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ELE↓↑TOR

nytheatre.com q&a preview by Patrice Miller
May 18, 2013

What is your job on this show?
Director.

What is your show about?
One Saturday morning, three strangers undertake a surreal, Futurism-fueled odyssey to the top of the Empire State building in a dangerously malfunctioning freight elevator.

What type of theater do you like most to work on?
The short answer is probably "experimental", but I don't think any of us can say what that means, just what it doesn't mean (Annie, Spider-Man, and Mamet). Genre is for wusses. The work I love to do often plays with structure, form, and/or language. Most of it is inspired by or deals directly with history, especially 20th century history, and almost all of it involves some kind of multi-disciplinary collaboration. I'm interested in narratives that come to us through a certain construction or set of ideas or do not come to us at all, and in finding unique forms with which to give life to those narratives.

What are some of your previous theater credits? (Be specific! Name shows, etc.)
Iphigenia in Aulis (La Mama/UTC61, Choreography), Decompression (FRINGENYC/Obvious Volcano, Direction), The Moose That Roared (The Brick/Tux&Tom, Direction/Co-writing), Antrobus (The Brick/Gemini Collisionworks, Sister), Bunny Lake is Missing (The Brick, Co-director), The Pig or Vaclav Havel's Hunt for the Pig (Ice Factory/3LD/UTC61, Choreographer)

Why did you want to write/direct/produce/act in/work on this show?
Chris Chappell and I had been talking about sound-driven projects earlier in the year, right before The Brick announced sound scape. We had just finished listing some initial starting points and ideas, including Luigi Russolo's Futurist noise music, when we heard an interview with Joseph Lanza, the author of Elevator Music: A Surreal History of Muzak, Easy Listening, and Other Mood Song. And there it was. Chris immediately saw the delicious contrast between elevator music and Futurist aesthetics, and that elevator shafts are the space they both live in. And for me, the idea of three strangers stuck in an elevator was an exciting challenge. Bill Weeden, one of the cast members we're thrilled to have, described the script as this: "It's kinda Hitchcock meets Kubrick at the corner of Samuel Beckett Street and Jean-Paul Sartre Avenue." Who wouldn't want to direct that?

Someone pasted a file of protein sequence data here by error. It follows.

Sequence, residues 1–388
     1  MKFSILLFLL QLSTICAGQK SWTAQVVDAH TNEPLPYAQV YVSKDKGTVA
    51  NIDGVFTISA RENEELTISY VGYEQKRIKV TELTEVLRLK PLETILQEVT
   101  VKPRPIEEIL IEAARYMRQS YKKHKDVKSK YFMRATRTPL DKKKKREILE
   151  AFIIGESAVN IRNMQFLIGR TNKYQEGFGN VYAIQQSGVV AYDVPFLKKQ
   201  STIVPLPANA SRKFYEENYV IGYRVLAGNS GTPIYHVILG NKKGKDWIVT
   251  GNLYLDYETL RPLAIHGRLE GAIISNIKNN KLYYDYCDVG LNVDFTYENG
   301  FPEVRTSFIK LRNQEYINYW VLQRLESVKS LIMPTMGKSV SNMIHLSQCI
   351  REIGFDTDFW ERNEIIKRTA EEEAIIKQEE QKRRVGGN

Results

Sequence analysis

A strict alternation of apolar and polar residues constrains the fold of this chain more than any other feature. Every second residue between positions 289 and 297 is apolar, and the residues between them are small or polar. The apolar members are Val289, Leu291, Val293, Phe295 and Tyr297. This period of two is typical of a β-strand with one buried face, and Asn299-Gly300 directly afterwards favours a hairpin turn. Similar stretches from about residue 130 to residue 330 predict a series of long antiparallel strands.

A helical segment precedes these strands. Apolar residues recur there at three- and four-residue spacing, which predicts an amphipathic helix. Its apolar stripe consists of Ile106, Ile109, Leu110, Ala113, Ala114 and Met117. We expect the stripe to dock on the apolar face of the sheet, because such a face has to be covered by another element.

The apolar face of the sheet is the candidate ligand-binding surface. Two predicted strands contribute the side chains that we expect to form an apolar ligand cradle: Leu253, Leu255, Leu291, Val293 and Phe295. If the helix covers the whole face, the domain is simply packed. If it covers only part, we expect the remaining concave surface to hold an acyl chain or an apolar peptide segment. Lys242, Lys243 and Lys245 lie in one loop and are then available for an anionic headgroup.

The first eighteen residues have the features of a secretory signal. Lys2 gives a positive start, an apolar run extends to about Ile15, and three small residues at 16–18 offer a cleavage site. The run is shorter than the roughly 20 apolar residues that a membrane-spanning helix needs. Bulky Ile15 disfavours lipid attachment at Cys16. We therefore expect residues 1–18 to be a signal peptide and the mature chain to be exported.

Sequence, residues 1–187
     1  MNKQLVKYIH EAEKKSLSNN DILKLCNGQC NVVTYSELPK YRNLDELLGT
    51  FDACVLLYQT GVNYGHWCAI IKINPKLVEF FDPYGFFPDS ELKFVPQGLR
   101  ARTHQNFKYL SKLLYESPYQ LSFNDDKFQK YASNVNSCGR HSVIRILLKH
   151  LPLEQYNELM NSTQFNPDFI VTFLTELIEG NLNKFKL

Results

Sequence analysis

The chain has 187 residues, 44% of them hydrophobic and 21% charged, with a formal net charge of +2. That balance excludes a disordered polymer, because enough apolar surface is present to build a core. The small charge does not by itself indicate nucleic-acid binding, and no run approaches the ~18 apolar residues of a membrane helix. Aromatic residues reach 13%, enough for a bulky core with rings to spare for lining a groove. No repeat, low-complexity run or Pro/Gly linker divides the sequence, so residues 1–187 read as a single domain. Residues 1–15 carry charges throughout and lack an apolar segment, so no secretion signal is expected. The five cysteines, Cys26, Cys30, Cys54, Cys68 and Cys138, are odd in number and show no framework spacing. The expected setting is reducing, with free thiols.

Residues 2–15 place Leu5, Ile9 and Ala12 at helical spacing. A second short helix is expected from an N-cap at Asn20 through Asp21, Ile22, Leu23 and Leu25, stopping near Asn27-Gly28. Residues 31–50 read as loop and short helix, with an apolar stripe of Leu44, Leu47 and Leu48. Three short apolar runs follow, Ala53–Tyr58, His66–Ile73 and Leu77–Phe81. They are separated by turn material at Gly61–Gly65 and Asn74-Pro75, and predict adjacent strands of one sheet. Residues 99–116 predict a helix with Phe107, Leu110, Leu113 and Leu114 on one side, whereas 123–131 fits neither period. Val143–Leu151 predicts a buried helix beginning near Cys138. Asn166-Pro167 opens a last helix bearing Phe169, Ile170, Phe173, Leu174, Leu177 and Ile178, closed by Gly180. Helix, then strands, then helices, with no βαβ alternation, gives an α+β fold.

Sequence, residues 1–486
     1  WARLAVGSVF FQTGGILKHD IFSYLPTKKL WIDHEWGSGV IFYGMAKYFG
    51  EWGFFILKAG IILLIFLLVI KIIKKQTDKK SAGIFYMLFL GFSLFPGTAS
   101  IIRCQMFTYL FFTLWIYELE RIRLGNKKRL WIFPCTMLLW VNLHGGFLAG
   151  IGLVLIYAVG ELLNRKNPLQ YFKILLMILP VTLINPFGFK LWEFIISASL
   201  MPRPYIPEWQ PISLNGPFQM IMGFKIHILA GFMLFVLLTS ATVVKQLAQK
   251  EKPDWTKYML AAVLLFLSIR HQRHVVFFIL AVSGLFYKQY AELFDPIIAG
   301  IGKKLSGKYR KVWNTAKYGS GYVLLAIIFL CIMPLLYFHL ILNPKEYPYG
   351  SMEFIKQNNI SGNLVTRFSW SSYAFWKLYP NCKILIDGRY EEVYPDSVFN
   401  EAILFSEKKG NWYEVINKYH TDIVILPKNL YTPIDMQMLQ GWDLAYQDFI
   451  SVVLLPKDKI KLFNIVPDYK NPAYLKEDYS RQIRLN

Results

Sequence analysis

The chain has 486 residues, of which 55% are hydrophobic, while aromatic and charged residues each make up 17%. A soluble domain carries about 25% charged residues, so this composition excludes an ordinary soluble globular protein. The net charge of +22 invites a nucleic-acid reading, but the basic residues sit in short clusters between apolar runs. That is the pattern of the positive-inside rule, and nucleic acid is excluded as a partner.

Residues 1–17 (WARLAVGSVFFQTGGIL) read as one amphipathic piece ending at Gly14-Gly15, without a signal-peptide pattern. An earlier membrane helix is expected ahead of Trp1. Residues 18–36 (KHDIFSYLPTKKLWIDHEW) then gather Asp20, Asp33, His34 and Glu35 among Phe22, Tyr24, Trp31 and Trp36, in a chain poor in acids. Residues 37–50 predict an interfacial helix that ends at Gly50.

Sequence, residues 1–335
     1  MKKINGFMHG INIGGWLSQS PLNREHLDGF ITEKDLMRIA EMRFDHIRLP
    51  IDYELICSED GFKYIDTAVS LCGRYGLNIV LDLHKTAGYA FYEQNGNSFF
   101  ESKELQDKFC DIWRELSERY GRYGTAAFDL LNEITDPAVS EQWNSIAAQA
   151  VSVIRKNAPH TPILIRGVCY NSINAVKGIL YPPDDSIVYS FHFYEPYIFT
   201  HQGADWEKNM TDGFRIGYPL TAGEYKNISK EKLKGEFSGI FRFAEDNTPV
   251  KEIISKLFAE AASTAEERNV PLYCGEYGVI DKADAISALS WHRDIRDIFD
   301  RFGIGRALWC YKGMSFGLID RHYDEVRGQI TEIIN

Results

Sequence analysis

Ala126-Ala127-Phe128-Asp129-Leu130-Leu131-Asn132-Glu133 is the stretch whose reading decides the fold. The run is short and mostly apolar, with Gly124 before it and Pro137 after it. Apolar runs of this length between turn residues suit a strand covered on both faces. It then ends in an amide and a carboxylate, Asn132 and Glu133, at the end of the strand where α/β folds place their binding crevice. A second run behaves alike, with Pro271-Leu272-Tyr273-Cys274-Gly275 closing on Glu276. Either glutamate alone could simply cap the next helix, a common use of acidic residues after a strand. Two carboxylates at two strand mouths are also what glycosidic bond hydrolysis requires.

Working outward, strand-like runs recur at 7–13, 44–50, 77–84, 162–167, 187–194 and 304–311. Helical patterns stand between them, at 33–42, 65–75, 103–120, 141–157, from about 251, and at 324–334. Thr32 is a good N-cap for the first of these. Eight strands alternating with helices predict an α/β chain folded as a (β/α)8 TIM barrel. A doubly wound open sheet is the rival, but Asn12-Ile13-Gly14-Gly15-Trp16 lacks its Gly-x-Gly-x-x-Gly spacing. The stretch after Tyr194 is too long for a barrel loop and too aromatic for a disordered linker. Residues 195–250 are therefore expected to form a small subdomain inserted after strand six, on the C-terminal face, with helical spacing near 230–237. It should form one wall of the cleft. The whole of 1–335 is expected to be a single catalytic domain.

Which mythical character would like your show the best: Cyclops, Cupid, Paul Bunyan or the Easter Bunny?
Cyclops. He strikes me as the Futurist sort, chaos-loving and all.

Why are theater festivals so very important?
Festivals, when done right, are exciting laboratories of new work. They have some of the pros of residencies - guaranteed space, performances, some support from your co-producer (or in the case of The Brick, a lot of support) - but there's an exciting, often comforting, and sometimes scary social aspect to them. Playing alongside other productions allows an exchange of ideas on both a global level where shows are naturally interacting in rep, and the surrounding communities are being presented new work, and on the local level, where we're witnessing each other's work, talking at the local bar, creating a new, if ephemeral community that acts as a major support to its members. The festival model has in many ways replaced the collective and settlement models, by providing a place to play, experiment, fail, succeed, witness and be witnessed by your peers.